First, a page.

New open enrollment law: School leaders raise concern

KANSAS (KSNW) – A new state law lets parents choose which school district to enroll their children in instead of being limited to the district where they live. While lawmakers say this gives families more options, school leaders say it is a headache and could cost them money.

While this law doesn’t go into effect until the school year starting in 2024, several school officials are already raising alarm about the law turning open enrollment into a lottery for every student that might want to join an out-of-district school.

“In Buhler, we have anywhere from 25 to 30 percent out-of-district students right now, and it’s really a system that works,” said Cindy Couchman, the superintendent of the Buhler school district.

Couchman said her school district already has open enrollment in place. She said that allows them to prioritize who can join their district.

“We can’t prioritize students, and the student group that I, well most school districts want to prioritize, would be staff students like when we hire staff we want and encourage, and our staff want to have their students attend our school district,” said Couchman.

Couchman is concerned if the kids of new teachers can’t win the lottery to attend their school, she’ll lose that teacher.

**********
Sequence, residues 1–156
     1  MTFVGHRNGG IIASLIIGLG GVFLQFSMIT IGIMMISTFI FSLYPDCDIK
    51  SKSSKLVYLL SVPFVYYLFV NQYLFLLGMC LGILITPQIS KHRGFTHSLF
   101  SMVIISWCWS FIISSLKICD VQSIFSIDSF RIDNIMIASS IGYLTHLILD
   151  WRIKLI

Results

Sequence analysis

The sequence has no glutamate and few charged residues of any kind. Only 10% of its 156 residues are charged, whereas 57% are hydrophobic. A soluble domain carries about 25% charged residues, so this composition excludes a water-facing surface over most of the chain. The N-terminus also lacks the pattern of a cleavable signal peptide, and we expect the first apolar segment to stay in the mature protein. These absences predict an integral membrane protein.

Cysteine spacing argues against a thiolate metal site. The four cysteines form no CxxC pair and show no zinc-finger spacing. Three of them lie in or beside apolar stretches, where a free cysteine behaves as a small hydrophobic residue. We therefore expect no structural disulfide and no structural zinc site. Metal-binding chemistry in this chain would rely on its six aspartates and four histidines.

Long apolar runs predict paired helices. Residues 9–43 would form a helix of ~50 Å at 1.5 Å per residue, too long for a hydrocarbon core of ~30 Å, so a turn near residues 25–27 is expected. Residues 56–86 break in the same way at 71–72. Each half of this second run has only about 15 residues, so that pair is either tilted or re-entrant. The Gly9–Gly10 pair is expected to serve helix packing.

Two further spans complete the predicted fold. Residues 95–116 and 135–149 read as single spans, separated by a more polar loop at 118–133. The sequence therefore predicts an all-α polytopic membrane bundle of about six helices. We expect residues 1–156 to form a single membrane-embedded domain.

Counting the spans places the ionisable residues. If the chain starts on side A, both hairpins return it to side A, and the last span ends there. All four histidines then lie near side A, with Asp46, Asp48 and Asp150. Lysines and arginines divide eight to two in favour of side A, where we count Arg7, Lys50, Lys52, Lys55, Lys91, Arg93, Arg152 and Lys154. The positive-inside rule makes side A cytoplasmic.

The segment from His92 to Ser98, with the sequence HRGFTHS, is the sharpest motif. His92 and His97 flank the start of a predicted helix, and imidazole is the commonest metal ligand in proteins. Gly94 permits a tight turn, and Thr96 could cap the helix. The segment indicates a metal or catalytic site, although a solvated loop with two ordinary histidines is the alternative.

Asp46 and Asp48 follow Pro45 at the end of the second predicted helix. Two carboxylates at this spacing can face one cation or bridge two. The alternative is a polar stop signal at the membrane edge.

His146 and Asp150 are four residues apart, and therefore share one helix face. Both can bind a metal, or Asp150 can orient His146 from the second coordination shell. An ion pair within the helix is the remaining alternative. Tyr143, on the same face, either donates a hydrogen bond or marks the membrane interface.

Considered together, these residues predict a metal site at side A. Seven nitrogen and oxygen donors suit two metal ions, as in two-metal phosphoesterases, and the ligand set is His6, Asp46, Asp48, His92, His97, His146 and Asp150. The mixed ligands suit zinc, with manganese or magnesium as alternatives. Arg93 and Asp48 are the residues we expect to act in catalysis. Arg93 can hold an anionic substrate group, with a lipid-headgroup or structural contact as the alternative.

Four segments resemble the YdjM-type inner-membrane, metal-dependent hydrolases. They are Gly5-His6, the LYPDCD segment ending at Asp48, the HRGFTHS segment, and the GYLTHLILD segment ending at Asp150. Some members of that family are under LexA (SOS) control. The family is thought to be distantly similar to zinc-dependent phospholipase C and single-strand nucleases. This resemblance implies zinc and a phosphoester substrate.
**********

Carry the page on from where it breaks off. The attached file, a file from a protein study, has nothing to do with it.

Under the new law, by June, districts must release the number of available open enrollment slots.
Families apply, and by July, a lottery will pick who gets to attend.

The deputy commissioner for fiscal and administrative services with the Kansas State Department of Education said schools will have to be careful about how many open enrollment students they can have.

“If you are growing and you set capacity, [for example] we can have 22 students. You bring in those three nonresident students well, then in October, five more students move in. If they’re a resident in your district, you have to take them, and now you are exceeding capacity, so you’ve have created an issue there,” said Craig Neuenswander, the deputy commissioner for fiscal and administration services at the Kansas State Department of Education.

Because funding for each district is based on the previous year’s enrollment, districts won’t get the money for the new students until their second year.